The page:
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Polls open in the Philippines as voters elect a new president | Elections News

Top contenders in Monday’s vote are Ferdinand Marcos Jr, the son and namesake of the Philippines’ late dictator, and the current Vice President Leni Robredo.

Naga City, Philippines – Millions of Filipinos have begun voting to choose a new president in an election that pits the son of the Philippines’ late dictator against a human rights lawyer.

Polls opened across the Southeast Asian nation at 6:00am on Monday (22:00GMT on Sunday), with  a record breaking 67 million people expected to cast their ballots.

Elections Commissioner George Garcia told reporters that he expected a huge turnout.

“It’s a historic election, a very memorable one, simply because we’d be electing, at least in a pandemic situation, a new president and that’s why we’re expecting a high turnout of voters,” he said before the polls opened.

Voting will end at 7pm (11:00 GMT), with polling hours extended because of the coronavirus pandemic and the need to avoid queues and crowds.

Counting of ballots will begin right away and the winner could be known within a few hours as the candidate with the most votes wins the election.

Ferdinand “Bongbong” Marcos Jr, right, casts his vote in the 2022 national elections at Mariano Marcos Memorial Elementary School, in Batac, Ilocos Norte, Philippines, May 9, 2022 [Eloisa Lopez/ Reuters]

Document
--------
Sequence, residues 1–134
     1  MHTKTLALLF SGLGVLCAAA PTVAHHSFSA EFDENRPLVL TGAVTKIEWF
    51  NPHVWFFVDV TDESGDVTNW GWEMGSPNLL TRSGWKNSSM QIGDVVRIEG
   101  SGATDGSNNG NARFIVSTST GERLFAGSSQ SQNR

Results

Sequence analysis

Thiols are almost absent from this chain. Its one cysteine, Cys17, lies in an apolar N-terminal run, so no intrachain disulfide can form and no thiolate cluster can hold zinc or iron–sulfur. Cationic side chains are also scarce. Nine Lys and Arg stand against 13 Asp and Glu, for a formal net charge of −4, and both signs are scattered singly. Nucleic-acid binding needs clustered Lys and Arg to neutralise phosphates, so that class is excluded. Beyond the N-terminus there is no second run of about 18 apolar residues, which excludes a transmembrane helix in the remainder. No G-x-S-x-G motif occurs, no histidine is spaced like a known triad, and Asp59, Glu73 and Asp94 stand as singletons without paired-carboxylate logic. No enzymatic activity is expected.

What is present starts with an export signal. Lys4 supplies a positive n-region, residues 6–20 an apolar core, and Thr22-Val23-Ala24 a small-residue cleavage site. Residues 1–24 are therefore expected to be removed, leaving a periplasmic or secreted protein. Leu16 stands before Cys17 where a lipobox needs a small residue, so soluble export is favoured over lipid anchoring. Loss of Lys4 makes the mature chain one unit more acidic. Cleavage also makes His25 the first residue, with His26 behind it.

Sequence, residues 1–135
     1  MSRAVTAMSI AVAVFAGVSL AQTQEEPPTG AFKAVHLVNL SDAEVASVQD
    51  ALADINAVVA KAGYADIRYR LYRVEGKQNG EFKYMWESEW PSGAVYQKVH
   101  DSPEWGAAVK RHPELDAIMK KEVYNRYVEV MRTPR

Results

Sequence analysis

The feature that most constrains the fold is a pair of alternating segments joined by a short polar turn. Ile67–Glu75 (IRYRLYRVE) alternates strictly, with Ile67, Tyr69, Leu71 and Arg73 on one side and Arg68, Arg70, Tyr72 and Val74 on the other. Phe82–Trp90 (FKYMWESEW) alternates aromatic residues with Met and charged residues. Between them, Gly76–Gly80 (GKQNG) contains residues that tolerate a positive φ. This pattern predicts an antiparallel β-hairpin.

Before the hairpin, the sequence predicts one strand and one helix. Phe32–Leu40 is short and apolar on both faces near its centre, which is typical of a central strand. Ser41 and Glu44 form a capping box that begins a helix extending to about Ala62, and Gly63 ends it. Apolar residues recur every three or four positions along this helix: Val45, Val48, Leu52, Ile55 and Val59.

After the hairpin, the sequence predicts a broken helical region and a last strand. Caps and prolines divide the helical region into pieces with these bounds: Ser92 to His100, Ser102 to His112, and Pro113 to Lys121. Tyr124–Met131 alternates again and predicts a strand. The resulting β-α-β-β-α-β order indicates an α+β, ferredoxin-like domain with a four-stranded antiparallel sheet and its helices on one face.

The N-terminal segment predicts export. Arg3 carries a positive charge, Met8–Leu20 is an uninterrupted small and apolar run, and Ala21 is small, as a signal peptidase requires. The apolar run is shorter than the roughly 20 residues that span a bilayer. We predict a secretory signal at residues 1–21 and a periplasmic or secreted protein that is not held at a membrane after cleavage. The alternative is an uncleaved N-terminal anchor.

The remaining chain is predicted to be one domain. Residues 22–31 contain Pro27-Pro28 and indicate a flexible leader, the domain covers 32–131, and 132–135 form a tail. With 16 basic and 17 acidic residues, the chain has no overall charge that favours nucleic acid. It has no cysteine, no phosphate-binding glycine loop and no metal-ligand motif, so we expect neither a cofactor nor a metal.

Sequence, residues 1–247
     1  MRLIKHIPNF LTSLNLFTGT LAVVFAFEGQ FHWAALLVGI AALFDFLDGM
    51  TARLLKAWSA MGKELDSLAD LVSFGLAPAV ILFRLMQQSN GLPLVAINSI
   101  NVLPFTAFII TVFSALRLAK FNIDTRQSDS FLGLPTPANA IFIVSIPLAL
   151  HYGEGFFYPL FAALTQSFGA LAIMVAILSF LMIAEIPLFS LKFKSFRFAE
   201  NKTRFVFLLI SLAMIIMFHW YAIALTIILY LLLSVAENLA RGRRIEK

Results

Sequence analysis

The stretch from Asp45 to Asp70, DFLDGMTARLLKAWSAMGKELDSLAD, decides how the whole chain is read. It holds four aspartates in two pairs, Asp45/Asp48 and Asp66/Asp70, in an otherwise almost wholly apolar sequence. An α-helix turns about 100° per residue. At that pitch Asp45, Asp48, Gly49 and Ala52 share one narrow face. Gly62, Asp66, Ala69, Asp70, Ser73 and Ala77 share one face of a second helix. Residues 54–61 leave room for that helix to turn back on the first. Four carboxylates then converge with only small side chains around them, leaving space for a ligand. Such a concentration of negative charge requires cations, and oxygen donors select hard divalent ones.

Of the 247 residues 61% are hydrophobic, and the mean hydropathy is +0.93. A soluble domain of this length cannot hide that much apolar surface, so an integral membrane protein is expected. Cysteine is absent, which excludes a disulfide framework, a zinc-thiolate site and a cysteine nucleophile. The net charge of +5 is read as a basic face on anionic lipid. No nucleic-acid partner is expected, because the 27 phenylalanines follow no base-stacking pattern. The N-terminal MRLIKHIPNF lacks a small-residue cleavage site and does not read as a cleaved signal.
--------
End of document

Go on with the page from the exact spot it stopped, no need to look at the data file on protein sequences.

There will be no second round.

Analysts have described Monday’s vote as the most significant election in recent Philippine history as the outcome could result in either democratic backsliding or liberal reforms.

The contest has shaped into a two-way race between Ferdinand “Bongbong” Marcos Jr and the current Vice President Leni Robredo. The pair had previously faced off in the vice presidential race in 2016, with Marcos losing to Robredo at the time.

But opinion surveys suggest Marcos will win the vote this time. He is the son and namesake of his father who ruled the Philippines as a dictator until he was forced from office and into exile in a popular uprising in 1986.

Robredo, a lawyer who heads the opposition, has promised a more transparent government and to reinvigorate the country’s democracy.

“This election is really a good versus evil campaign,” University of the Philippines Diliman political scientist Aries Arugay told Al Jazeera. “It’s quite clear. [Marcos] represents dynasty, autocracy and impunity. Robredo stands for the opposite of that: integrity, accountability and democracy.”

Marcos’ running mate in the election is the outgoing president’s daughter, Sara Duterte-Carpio. She is leading the race for the vice-presidency, an election that is held separately.

In Naga City in Southern Luzon province, polling opened with a prayer.

“Vote counting machine, please be good to us,” an election official said as she prayed before starting the machine that will be used to record and transmit the ballots.

Then, a bell rang to signal the opening of polls and the voters started coming in.

Outside the polling station, Maria Fe Cortes, 51, patiently waited in line for her turn.

“I’m voting for change. I hope the next president will help the poor,” Cortes told Al Jazeera.


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